Credit bill passes in state legislature

4/25/2017

Bringing more transparency to the state’s business subsidies, lawmakers passed a bill that would require an annual report on tax credits.

If Gov. Bill Haslam allows the measure to become law, the Department of Revenue would disclose to lawmakers how many companies received franchise and excise tax credits during the previous fiscal year, how much in subsidies they received, and how many people companies hired (if their tax credits depended on hiring). Reports would show the total amounts, not by individual companies.

A representative for Haslam indicated he didn’t oppose the bill.

Business tax credits cost the state more than $140 million annually, in the hope of broad economic impacts. The forgone revenue, though, could be spent on education, roads, health care or other government functions that also impact the economy.

A state-commissioned study from December found tax breaks had mixed results in Tennessee. Consultants recommended some changes to the subsidy programs, including adding a so-called “claw-back” provision to force companies to repay if they fell short of hiring targets and other commitments. The Tennessean obtained a copy of the study and published an analysis in February. House Minority Leader Craig Fitzhugh, D-Ripley, introduced the bill soon after.

“This is going to be a lot of help to us going forward,” Fitzhugh said in an interview. “We just need some facts to back it up, if we need to make a change.”

The Senate passed the bill with no opposition. It passed the House, also without opposition, earlier in April. The final version of the bill included an amendment intended to keep individual taxpayer information confidential, a provision urged by the Department of Revenue, Fitzhugh said.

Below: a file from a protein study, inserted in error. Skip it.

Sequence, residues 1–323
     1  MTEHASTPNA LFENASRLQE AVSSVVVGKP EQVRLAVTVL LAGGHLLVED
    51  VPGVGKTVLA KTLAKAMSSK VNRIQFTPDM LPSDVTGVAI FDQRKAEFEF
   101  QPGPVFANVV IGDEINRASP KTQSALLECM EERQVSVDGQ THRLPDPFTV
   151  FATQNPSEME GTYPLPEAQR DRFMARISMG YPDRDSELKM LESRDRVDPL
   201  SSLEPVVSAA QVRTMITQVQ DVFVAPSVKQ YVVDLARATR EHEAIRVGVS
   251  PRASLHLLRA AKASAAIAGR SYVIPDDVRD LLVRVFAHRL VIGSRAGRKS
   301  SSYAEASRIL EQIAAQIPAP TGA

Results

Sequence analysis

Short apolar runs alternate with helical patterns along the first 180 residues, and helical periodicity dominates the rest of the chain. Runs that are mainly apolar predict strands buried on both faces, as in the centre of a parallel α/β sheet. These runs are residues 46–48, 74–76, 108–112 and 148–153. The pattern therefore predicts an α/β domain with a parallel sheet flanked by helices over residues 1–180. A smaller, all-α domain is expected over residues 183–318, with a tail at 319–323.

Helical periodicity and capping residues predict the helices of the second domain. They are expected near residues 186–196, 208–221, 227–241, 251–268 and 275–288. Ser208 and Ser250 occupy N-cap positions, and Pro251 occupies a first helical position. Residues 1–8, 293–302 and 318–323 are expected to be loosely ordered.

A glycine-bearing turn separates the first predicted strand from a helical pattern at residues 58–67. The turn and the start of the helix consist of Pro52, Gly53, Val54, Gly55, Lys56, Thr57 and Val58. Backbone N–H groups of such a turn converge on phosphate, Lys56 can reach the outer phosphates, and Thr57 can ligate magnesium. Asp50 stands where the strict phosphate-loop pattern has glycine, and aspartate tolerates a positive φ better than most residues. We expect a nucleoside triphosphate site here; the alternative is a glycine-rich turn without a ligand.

The annual report also will summarize the types of businesses receiving credits and how many credits were carried forward from previous years.

“This legislation will work to ensure that we have greater understanding and transparency of how many of those credits are issued, what companies and industries are taking advantage of those credits, and the number of jobs created by those programs,” Sen. Jeff Yarbro, D Tax Nashville, said before Wednesday’s vote. “Hopefully that information will better enable us to maximize the benefit of those tax credits for the citizens of Tennessee.”

Some credits, consultants found, have more economic impact than others. In December, Anderson Economic Group showed that the Jobs Tax Credit generated an average of 600 jobs per year and cost the state an average of $52.1 million annually from 2011 to 2014. That equates to about $87,000 per job, including direct hiring by the company receiving the credits and indirect hiring at other companies.

The Industrial Machinery Tax Credit cost the state $66.7 million annually during the same time frame, but the economists could attribute only 55 new jobs per year to the tax break. That comes out to $1.2 million per job, according to an analysis of the report by The Tennessean.

State economic development officials later disputed that calculation because the industrial machinery credit is not just for job creation, they said, but is “designed to encourage manufacturers to make investment in advance industry equipment and boost productivity.”

Currently, state law requires an evaluation of business tax credits every four years, while the new legislation requires annual reporting.

Source: Knoxville News Sentinel, by Mike Reicher

The East Tennessee Economic Development Agency markets and recruits business for the 15 counties in the greater Knoxville-Oak Ridge region of East Tennessee. Visit www.eteda.org

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